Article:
Lesson 30: Don’t Let Any Uninsured Person Drive Your Car

From the Land Mines in Accident Cases section of How You Can Avoid Legal Land Mines by Joseph S. Lyles (2003).

A client of mine, Robert, called me one day alarmed because he had been served with a lawsuit (the paperwork to begin a lawsuit is technically called a Summons and Complaint). His troubles began when one of his cars developed mechanical problems. Robert knew a man who lived nearby who worked on cars at a very reasonable rate, so he took the car to him for the repair.

Robert realized the mechanic had lost his driver’s license for driving under the influence, so he told the mechanic not to drive the car on the highway. Of course, the mechanic later claimed he needed to test drive the vehicle and drove it on the highway anyway.

As luck would have it, the mechanic caused a collision. Robert’s insurance carrier (carrier A), refused coverage because the driver was unlicensed and because he was specifically told not to drive the car.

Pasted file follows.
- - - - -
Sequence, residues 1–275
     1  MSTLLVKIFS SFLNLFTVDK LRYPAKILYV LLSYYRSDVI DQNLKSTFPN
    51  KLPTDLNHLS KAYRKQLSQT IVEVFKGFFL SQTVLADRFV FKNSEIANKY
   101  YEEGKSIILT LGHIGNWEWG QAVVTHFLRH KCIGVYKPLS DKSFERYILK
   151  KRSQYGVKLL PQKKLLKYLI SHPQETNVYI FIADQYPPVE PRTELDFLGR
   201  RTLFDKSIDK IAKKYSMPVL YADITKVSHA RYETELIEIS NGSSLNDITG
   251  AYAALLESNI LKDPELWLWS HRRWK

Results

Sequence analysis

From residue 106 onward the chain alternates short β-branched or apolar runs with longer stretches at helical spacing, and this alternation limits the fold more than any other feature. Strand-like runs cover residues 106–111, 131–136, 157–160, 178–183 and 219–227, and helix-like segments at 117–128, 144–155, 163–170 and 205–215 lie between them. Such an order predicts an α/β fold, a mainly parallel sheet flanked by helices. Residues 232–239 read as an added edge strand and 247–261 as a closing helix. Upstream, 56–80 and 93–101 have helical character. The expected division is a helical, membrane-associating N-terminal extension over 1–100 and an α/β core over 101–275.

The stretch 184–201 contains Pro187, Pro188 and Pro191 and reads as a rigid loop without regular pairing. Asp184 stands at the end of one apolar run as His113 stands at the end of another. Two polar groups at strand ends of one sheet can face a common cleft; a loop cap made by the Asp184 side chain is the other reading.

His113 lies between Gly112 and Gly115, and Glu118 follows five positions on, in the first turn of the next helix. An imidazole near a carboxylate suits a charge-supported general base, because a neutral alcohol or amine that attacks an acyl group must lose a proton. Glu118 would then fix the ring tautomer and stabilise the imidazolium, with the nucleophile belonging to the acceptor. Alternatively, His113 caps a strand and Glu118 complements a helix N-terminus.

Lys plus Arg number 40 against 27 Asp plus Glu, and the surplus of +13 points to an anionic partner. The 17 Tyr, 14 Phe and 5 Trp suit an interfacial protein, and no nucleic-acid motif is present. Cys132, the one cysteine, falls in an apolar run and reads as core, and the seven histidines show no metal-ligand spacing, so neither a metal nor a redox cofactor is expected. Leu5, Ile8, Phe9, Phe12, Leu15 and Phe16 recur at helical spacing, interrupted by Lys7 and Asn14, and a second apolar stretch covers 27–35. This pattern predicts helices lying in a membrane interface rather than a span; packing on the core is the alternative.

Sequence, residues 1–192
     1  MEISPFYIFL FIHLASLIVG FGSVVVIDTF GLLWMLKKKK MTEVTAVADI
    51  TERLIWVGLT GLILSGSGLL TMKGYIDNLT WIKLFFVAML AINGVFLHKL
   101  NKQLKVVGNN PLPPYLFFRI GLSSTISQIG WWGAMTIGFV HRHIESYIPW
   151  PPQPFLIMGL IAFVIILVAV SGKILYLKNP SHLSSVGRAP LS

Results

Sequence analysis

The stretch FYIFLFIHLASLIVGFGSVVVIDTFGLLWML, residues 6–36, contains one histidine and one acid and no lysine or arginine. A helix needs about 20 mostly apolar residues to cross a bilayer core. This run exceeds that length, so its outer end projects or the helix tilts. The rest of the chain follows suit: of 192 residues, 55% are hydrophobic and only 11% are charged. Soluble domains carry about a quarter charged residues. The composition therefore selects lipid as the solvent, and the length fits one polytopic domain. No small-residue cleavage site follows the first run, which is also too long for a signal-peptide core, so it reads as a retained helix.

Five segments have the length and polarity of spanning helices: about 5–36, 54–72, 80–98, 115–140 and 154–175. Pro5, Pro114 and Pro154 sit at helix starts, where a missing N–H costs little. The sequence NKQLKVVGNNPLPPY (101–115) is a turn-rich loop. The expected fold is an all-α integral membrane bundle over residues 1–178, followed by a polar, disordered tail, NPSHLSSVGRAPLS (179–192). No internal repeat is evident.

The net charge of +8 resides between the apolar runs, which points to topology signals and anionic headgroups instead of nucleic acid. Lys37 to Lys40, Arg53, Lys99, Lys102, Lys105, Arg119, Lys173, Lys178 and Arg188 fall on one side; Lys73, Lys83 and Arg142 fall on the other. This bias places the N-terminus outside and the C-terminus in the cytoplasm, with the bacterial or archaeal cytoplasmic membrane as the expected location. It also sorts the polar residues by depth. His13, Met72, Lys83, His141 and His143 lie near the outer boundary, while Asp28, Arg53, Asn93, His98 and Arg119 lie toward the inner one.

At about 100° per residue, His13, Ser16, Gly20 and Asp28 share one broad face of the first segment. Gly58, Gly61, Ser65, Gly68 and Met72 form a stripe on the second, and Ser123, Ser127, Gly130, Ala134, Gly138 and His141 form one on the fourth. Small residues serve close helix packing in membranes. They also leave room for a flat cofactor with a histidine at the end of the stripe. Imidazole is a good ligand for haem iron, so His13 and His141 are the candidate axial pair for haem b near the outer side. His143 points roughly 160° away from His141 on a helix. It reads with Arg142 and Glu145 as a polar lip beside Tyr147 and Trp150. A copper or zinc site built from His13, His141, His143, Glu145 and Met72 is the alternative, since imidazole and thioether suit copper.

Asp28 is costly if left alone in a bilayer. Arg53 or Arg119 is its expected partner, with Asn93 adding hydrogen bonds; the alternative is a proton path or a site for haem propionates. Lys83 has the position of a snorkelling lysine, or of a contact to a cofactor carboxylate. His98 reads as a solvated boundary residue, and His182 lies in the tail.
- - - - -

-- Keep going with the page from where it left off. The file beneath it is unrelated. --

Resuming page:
The injured party sued the mechanic and recovered damages under her own insurance coverage. Then that insurance carrier (carrier B) sued Robert to be reimbursed for the money it had paid on the claim. This lawsuit was based on the theory that my client had negligently entrusted his car to someone he knew, or should have known, was an irresponsible and potentially impaired driver.

Fortunately, I was able to convince carrier A to provide a defense to the lawsuit in spite of its earlier denial of coverage. But Robert could have very easily found himself faced with a big bill for an attorney to defend him and an even bigger bill to reimburse insurance carrier B.

The Lesson: Allowing someone to access your automobile can be very dangerous. It is hard to say you didn’t give someone permission to drive your car when you voluntarily gave them the keys. However, if you didn’t give them the keys or permission and they cause a wreck while driving your car, then your insurance company still may deny coverage and leave you to protect yourself. Your company would base this denial on the grounds that the driver was not operating the vehicle with your permission. Most liability insurance policies exclude coverage for such non-permissive drivers.